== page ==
These Kids Are Our Kids

Print More

john-lash-smLast weekend I was conducting a workshop on restorative practices and many of the participants were educators, social workers and others who work with kids. One of the practices we like to use when considering how to best implement restorative practices in schools (or any other place) is to ask three questions about how conflicts are currently being handled. What is working well? What isn’t working so well? How do we dream it could be?

We do this to explore ways of increasing what works and find alternatives to what doesn’t as a way to draw closer to the dream. In the course of the discussion it was mentioned that students with the “special-ed” label are excessively targeted for discipline, and often find themselves in trouble for actions that other students routinely engage in with impunity.

Part of the tension is between teachers who work specifically with these students and other teachers who work with all of the students. The special ed teachers feel that their kids are

being unfairly targeted. In discussing ways to reduce this phenomenon, one of the “regular” teachers said, “You talk about your kids a lot, but we have to start saying ‘our kids’”

Everyone seemed to take a deep breath, hold it, then let it out with an “ahh”. It seemed so obvious after it was said. Up until then the teachers, who have divided responsibilities regarding students, routinely spoke about “my” or “your” students.

In a world and workplace that often requires us to specialize, and in which we are often evaluated through numbers, it is understandable that such divisions occur. But this teacher’s statement brought us all back to the reality that we were talking about children who are important to all of us, no matter what their classification, and it was in all our interest to see these kids receive the best education and treatment possible.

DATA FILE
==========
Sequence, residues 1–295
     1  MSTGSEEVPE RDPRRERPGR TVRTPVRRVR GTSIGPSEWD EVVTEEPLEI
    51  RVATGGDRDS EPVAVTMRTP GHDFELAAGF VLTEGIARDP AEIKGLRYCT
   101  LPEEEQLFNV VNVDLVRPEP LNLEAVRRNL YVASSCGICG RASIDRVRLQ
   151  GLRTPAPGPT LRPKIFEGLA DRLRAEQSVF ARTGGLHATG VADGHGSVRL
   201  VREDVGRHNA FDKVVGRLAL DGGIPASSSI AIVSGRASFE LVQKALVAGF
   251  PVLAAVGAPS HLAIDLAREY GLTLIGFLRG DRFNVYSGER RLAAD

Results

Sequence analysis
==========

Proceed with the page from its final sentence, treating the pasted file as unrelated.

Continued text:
In many schools these biases are a big part of the school to prison pipeline, where kids are categorized or labeled due to behavior, race, sexuality or something else that makes them different. Because of increased visibility and unconscious prejudice they get a disproportionate level of discipline, suspension, expulsion and other sanctions. These in turn contribute to the chances that a kid will find themselves with an increased risk of dropping out and involvement with law enforcement and the justice system.

Knowing these facts is important, and the problems they indicate need to be addressed in policy and law. In that kind of wrangling, though, there is a chance that the humanity of the children can be forgotten.

This realization can be extended beyond students as well. Kids that are homeless, imprisoned, drug users or any other “problem” category are often shunted aside and ignored. They somehow fall out of our sphere of consideration and we begin to see them as “other”. This is a lie though, and we will do well to remember it. They are all, each and every one, our kids.